Gaming peripheral brands these days often have their own software to manage the devices you plug into your PC. Companies like Razer and SteelSeries are among them. But it looks like people have found ways to use the software from these two specific brands to do more than their software intended. This opens up your Windows 10 PC’s security defences to anyone with physical access to your system.
Twitter user @j0nh4t shared that one way you can access this escalation-of-privilege flaw is simply by plugging in a Razer mouse. This then triggers Windows 10’s automatic driver installer, which then prompts the installation of Razer Synapse. From there, you can retain the elevated permissions using PowerShell.
Need local admin and have physical access?
– Plug a Razer mouse (or the dongle)
– Windows Update will download and execute RazerInstaller as SYSTEM
– Abuse elevated Explorer to open Powershell with Shift+Right click
— jonhat (@j0nh4t) August 21, 2021
A similar issue was found with SteelSeries software. But things go a little further as you don’t even need to plug in an actual peripheral. The same level of access can be gained from viewing the license agreement in a browser, saving the web page, then launching PowerShell from the file dialogue that appears. Alternatively, you can also run an Android script to mimic a SteelSeries device to trigger an installation process then use the method described above.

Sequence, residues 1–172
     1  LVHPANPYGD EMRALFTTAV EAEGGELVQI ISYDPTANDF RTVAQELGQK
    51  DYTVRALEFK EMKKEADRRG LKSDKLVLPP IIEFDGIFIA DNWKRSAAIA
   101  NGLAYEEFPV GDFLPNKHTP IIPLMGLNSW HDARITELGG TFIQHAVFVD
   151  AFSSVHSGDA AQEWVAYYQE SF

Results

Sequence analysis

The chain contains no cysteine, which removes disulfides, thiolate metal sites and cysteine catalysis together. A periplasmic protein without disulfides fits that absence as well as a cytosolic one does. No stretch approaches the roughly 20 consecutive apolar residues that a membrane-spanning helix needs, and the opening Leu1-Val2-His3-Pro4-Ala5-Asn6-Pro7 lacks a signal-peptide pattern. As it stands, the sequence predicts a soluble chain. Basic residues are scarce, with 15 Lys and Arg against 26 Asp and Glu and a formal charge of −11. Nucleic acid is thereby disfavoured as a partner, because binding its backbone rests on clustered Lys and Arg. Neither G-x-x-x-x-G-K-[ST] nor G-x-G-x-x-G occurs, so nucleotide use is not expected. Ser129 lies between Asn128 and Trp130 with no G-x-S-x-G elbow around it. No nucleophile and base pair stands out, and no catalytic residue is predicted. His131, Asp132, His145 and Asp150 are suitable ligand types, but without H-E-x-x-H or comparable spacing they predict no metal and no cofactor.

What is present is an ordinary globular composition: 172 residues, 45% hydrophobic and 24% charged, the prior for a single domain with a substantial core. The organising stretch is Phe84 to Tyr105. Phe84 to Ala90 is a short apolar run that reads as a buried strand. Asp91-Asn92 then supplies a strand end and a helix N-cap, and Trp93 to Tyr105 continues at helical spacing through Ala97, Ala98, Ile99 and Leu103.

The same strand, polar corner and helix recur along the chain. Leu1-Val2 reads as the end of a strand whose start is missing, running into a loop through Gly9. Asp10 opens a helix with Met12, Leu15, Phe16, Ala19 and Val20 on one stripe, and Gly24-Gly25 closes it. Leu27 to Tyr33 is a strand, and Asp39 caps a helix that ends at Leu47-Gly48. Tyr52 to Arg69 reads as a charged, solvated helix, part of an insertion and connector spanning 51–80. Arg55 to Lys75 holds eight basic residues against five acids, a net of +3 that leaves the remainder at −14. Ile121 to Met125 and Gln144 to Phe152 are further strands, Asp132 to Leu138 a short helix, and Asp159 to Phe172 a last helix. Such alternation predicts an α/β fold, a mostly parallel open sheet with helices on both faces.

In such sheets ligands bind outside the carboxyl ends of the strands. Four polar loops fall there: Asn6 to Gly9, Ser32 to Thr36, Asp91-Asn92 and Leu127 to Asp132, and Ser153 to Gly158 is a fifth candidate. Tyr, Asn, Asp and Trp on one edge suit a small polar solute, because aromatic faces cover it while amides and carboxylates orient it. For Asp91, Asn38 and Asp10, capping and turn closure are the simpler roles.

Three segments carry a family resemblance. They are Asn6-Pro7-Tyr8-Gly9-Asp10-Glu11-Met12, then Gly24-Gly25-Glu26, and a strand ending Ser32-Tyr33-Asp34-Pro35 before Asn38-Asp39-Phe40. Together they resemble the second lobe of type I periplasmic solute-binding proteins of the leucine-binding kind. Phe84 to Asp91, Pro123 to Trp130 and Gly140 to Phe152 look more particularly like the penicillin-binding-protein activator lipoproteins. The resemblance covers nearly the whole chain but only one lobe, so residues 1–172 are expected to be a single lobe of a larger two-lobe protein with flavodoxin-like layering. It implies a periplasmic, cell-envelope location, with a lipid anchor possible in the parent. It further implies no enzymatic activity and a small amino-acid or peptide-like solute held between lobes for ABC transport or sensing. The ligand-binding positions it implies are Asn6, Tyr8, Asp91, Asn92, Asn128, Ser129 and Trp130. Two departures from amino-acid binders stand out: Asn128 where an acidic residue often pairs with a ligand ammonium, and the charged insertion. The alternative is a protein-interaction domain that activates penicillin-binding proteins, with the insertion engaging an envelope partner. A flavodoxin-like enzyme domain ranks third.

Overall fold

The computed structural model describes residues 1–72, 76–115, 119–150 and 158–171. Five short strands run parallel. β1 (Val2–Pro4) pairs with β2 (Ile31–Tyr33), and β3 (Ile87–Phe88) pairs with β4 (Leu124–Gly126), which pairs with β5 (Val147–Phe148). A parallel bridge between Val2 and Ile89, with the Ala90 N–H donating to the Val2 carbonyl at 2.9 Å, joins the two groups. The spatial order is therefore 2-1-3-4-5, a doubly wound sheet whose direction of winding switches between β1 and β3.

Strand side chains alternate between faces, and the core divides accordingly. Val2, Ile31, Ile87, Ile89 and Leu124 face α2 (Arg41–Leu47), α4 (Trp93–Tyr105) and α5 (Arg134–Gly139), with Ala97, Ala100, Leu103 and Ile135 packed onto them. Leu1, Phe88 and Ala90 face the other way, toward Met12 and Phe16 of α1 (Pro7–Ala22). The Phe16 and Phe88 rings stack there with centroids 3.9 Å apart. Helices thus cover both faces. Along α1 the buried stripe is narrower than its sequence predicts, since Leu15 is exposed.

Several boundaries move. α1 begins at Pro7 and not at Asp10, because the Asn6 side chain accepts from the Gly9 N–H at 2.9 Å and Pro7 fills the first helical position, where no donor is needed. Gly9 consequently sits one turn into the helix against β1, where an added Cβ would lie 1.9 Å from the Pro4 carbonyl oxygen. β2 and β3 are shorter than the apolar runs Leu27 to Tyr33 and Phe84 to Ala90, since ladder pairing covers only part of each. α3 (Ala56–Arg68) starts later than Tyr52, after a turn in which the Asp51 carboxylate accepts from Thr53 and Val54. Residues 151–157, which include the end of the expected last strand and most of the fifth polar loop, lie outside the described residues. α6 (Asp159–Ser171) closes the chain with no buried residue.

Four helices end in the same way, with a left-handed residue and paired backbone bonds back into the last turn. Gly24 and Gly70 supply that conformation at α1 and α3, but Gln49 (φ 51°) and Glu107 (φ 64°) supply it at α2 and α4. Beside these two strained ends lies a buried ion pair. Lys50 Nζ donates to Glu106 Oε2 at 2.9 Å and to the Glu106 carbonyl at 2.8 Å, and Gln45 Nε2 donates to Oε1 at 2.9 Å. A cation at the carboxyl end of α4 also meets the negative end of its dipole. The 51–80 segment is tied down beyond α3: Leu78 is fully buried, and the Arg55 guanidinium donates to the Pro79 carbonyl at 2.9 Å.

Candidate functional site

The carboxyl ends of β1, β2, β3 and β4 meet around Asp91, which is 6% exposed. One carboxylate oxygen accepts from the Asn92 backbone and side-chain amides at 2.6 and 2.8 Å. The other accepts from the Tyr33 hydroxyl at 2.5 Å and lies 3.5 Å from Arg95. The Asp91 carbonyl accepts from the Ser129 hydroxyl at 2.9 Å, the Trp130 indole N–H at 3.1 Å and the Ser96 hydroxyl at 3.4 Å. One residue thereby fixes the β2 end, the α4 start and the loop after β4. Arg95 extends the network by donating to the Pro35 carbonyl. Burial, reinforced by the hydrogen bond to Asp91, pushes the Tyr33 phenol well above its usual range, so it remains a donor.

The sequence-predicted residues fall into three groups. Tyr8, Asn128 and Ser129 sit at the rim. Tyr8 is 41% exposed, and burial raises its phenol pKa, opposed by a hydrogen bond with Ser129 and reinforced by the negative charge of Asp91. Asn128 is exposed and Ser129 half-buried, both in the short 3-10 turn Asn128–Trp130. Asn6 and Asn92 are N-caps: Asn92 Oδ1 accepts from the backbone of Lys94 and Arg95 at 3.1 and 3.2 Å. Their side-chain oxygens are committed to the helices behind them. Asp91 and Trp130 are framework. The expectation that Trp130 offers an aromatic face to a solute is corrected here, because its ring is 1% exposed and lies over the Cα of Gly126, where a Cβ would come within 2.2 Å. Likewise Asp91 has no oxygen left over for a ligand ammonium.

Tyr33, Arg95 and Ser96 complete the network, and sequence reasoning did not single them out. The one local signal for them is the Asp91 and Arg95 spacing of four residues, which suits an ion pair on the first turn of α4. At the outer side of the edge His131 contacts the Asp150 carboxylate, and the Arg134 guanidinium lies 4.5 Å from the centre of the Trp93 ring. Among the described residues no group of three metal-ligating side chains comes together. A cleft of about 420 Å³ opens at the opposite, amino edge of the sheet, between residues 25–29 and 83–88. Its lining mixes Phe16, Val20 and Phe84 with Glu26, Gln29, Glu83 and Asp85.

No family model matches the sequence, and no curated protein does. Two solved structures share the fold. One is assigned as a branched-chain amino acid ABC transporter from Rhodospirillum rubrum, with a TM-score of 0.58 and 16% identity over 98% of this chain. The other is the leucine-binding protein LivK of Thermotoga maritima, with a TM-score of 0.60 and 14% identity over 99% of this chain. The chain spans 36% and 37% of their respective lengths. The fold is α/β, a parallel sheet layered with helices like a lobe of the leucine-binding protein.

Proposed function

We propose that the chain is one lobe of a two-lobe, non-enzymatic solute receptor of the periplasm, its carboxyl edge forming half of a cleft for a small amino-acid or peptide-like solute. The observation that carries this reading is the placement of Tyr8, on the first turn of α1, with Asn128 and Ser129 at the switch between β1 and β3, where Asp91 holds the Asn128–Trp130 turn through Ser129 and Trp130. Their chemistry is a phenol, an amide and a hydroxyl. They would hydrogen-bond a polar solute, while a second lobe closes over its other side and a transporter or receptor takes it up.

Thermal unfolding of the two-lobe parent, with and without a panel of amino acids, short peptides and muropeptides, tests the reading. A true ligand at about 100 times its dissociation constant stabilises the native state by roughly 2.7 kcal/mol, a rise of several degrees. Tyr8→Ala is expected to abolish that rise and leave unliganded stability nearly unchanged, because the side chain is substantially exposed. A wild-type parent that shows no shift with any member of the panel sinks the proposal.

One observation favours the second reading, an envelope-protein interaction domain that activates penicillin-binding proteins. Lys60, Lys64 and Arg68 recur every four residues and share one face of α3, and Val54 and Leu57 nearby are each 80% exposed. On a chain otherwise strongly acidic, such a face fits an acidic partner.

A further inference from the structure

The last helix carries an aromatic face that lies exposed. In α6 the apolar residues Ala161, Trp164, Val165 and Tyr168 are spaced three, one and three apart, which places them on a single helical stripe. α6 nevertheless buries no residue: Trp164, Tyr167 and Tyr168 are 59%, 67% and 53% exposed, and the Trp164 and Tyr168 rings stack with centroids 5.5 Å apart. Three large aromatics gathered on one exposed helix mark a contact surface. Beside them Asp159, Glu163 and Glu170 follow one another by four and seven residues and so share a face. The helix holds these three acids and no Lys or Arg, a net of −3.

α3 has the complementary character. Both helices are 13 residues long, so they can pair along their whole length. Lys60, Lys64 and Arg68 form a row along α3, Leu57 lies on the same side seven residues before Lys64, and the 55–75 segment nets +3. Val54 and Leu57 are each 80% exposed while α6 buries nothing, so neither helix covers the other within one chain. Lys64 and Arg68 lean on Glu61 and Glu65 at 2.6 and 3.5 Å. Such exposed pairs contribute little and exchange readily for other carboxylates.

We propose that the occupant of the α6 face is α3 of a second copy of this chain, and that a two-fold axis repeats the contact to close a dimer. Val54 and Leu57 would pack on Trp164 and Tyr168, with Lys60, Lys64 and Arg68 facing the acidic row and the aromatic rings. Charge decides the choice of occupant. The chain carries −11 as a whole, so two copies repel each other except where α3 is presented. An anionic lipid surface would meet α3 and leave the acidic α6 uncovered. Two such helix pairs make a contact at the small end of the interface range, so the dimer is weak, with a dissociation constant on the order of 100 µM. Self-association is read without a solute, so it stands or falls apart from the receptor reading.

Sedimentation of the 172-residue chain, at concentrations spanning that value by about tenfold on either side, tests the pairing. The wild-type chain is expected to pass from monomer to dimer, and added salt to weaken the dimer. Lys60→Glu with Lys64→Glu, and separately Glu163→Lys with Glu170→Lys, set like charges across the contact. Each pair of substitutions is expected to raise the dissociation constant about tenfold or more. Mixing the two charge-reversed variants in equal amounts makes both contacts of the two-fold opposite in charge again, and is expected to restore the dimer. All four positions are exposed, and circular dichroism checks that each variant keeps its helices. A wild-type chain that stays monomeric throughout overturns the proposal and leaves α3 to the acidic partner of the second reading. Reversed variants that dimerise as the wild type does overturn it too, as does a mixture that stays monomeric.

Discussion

— Lawrence 勞倫斯 (@zux0x3a) August 23, 2021
For the most part, this sort of vulnerability won’t affect you if you use a Windows 10 PC at home and run it normally as an admin anyway. But it’s definitely something to think about if you have a laptop that you take outside, and allow others to use it on occasion. Razer and SteelSeries have both said that they are working on fixing this.